A new study from the University of Illinois suggests that adding fiber to the diet can influence the growth of two kinds of bacteria in your gut (known collectively as the microbiome) toward a ratio typically seen in lean people. Unfortunately, the researchers observed, most Americans consume only 12 to 14 grams of fiber a day, which is half the recommended amount of 25 to 38 grams. The investigative team had previously studied whether adding fiber to the diet would cause gut bacteria to shift toward "lean." They gave snack bars to 20 men whose reported daily fiber intake was about 14 grams a day. About one third of the men received snack bars with no fiber; another third were given bars containing 21 grams of polydextrose, a common fiber food additive, and the remainder of the participants received bars with 21 grams of corn fiber. The researchers reported significant positive shifts in the ratio of gut bacterial populations toward more bacteriodetes (associated with being lean) and fewer firmicutes (associated with overweight and obesity) with the addition of fiber. However, they also found that the beneficial changes didn't last when the participants went back to their normal diets. Earlier research had shown that a high fiber diet is protective against obesity. The take-home message from lead researcher Kelly Swanson is that if you want a healthier gut and hope to lose weight, you have to make lasting changes to your diet.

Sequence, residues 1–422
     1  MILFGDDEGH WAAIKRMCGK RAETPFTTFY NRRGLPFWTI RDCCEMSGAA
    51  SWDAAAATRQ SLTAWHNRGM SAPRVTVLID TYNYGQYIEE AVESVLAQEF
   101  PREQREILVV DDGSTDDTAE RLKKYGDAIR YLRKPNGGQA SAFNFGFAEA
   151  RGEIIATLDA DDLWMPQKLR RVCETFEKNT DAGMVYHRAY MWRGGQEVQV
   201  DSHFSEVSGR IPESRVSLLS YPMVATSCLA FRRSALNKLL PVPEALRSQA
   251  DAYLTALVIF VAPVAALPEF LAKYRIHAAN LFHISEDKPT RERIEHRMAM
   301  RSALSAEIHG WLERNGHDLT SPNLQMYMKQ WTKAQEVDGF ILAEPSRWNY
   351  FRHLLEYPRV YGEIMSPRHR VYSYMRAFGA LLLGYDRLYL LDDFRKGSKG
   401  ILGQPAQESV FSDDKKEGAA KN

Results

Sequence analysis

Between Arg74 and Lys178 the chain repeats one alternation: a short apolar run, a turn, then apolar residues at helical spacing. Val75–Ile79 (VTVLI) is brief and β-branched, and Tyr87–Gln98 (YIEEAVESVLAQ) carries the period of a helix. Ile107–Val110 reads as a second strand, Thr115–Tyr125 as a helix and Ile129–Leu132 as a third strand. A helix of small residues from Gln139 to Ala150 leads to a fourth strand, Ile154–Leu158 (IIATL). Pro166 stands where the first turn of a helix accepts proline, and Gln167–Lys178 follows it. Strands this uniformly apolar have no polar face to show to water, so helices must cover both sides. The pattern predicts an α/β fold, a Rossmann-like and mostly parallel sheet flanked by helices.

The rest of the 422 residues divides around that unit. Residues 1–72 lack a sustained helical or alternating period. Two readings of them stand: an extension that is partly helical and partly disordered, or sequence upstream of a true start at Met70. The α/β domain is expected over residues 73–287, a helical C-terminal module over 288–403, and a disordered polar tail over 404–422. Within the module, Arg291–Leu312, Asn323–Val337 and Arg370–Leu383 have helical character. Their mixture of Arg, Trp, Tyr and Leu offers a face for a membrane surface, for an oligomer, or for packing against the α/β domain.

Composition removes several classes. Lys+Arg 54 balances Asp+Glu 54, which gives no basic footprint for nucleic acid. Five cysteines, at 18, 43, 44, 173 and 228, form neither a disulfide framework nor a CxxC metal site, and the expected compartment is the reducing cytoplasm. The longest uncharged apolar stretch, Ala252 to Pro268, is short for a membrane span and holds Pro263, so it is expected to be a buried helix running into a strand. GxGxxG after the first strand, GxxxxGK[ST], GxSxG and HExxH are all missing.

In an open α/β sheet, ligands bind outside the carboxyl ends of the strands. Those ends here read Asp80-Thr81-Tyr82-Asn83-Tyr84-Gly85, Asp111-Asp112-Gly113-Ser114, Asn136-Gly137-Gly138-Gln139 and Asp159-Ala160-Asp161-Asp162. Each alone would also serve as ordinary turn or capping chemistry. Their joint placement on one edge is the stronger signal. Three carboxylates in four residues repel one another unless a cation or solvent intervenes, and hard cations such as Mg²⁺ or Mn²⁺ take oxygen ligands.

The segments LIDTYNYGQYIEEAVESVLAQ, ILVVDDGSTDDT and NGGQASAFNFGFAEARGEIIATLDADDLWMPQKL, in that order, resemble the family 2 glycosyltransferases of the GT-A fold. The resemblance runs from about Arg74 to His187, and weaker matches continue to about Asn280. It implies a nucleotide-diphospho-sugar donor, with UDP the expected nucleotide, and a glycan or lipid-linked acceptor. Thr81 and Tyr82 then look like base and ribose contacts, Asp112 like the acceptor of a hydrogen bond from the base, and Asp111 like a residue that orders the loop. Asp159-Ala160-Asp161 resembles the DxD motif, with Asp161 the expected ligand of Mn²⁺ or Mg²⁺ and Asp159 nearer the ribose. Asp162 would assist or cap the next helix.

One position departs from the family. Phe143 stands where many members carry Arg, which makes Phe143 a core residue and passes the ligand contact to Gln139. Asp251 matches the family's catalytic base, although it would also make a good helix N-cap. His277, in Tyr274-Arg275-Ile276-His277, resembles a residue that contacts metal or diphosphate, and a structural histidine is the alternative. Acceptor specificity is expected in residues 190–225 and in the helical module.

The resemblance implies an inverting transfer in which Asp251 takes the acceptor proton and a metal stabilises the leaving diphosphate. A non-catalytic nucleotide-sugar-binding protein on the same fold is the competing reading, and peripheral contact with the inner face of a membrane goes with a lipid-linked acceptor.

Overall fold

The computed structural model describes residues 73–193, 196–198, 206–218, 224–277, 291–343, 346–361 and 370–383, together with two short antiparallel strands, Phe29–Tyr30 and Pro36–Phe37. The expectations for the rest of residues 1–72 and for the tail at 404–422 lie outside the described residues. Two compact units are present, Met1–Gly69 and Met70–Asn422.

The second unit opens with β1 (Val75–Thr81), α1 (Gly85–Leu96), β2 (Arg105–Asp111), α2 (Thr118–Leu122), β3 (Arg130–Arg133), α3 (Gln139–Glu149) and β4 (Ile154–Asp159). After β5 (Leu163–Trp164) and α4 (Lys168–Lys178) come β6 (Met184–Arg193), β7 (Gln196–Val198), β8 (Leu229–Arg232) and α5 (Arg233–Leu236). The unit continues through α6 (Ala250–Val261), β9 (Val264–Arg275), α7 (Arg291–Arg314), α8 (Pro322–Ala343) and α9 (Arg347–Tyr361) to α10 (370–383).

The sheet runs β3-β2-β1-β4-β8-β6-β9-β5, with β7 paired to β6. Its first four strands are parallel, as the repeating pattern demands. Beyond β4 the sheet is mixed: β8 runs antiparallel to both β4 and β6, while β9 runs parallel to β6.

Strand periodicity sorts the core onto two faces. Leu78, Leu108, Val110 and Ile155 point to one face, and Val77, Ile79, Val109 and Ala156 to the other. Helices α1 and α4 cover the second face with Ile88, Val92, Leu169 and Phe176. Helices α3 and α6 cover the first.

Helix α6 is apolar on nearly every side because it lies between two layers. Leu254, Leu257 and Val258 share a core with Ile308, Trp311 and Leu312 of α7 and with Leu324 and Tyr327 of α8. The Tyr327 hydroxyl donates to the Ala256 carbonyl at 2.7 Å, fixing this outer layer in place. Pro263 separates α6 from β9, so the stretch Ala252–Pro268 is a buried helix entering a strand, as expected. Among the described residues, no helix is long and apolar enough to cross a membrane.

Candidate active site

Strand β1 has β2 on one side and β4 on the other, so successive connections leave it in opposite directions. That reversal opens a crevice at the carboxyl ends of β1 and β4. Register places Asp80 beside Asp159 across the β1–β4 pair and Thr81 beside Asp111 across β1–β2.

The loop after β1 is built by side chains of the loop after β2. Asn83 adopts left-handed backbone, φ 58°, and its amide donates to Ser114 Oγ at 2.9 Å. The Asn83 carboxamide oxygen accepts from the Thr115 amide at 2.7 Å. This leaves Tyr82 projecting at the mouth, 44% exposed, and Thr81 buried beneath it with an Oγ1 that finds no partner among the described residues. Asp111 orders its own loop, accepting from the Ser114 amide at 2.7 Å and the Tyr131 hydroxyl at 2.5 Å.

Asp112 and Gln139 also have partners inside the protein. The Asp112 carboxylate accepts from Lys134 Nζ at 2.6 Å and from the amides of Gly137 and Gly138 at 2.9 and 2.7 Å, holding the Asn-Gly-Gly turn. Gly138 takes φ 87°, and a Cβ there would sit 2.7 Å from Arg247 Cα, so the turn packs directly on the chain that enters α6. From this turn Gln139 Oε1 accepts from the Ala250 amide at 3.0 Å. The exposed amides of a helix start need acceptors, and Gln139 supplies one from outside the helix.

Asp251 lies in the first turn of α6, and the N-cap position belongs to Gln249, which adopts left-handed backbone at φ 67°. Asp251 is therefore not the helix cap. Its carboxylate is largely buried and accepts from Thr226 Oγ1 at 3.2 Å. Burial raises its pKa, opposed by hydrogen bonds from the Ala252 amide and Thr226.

My take? It's well established that a diet high in fiber influences health for the better: it prevents constipation, and reduces the risks of colon cancer, heart disease and diabetes. We've also known for some time that fiber helps to maintain ideal weight. This new study adds to the growing body of evidence demonstrating the importance of fiber in the diet, and especially as it pertains to weight. I recommend getting 40 grams a day from bran cereals, beans, vegetables, fruit and whole grains. Freshly ground flaxseed and psyllium seed are also excellent sources of fiber.